There may also be a less obvious result: Research has found that access to health insurance helps kids perform better on tests and stay in school longer.

A 2016 study, published in the peer-reviewed Journal of Human Resources, found that expanding Medicaid in the 1980s and 1990s increased students’ likelihood of completing high school and college.

“Our results indicate that the long-run benefits of public health insurance are substantial,” the researchers wrote.

Similarly, an earlier paper shows that broadening access to Medicaid or CHIP led to increases in student achievement.

“We find evidence that test scores in reading, but not math, increased for those children affected at birth by the increase in health insurance eligibility,” researchers Phillip Levine and Diane Whitmore Schanzenbach wrote.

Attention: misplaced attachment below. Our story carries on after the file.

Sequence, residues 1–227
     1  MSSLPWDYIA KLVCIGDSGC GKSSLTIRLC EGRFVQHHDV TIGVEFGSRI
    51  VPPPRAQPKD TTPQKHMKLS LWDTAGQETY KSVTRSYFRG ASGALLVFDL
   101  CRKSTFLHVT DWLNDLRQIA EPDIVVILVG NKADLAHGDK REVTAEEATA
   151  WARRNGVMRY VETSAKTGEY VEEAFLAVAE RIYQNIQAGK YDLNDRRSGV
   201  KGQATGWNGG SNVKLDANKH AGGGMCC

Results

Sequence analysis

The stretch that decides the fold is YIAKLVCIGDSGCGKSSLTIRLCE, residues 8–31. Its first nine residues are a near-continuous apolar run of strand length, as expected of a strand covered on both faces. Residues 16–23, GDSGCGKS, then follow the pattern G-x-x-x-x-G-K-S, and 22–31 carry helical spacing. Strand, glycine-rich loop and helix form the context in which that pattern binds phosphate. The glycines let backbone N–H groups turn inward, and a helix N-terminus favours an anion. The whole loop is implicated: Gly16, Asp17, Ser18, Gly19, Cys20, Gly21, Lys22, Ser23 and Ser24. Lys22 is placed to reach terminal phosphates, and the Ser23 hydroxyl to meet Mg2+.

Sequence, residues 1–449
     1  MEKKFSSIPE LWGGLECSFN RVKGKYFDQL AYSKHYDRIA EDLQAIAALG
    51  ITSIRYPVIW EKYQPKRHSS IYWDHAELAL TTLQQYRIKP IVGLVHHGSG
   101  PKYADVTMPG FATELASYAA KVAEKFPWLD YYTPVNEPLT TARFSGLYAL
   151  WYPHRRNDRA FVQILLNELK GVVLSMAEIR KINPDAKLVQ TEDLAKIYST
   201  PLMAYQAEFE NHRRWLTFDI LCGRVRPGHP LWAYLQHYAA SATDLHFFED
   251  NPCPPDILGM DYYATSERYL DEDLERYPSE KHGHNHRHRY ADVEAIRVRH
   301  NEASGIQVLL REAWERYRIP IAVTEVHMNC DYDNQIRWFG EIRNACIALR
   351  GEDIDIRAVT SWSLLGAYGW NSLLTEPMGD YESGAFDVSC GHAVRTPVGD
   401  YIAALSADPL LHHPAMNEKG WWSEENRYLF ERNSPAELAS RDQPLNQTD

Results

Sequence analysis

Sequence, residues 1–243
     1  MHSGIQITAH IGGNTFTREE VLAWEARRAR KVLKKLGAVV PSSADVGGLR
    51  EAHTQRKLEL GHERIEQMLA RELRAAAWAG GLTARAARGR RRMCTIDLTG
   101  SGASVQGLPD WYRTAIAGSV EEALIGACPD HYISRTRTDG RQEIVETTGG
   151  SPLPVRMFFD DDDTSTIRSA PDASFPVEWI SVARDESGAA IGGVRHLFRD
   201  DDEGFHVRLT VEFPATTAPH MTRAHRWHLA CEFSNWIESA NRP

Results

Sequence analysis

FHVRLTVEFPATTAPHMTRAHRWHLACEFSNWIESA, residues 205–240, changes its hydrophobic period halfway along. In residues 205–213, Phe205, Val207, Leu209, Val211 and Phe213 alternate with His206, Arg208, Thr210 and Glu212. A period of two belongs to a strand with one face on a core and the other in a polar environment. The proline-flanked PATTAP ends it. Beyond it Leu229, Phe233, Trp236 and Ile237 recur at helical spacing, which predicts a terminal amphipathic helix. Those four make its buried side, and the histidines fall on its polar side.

In short, research suggests that when kids are healthier, they do better in school. That’s in line with common sense, as well as studies showing that children benefit academically when their families have access to direct anti-poverty programs like the earned income tax credit or cash benefits.

(Even if CHIP ends, affected children might still have access to subsidized insurance through the Affordable Care Act or other means. The Congressional Budget Office estimates that will be more costly in the long run.)

Congress appears likely to vote on a bill this week that includes a six-year CHIP extension, as as well as a temporary spending measure to avoid a federal government shutdown.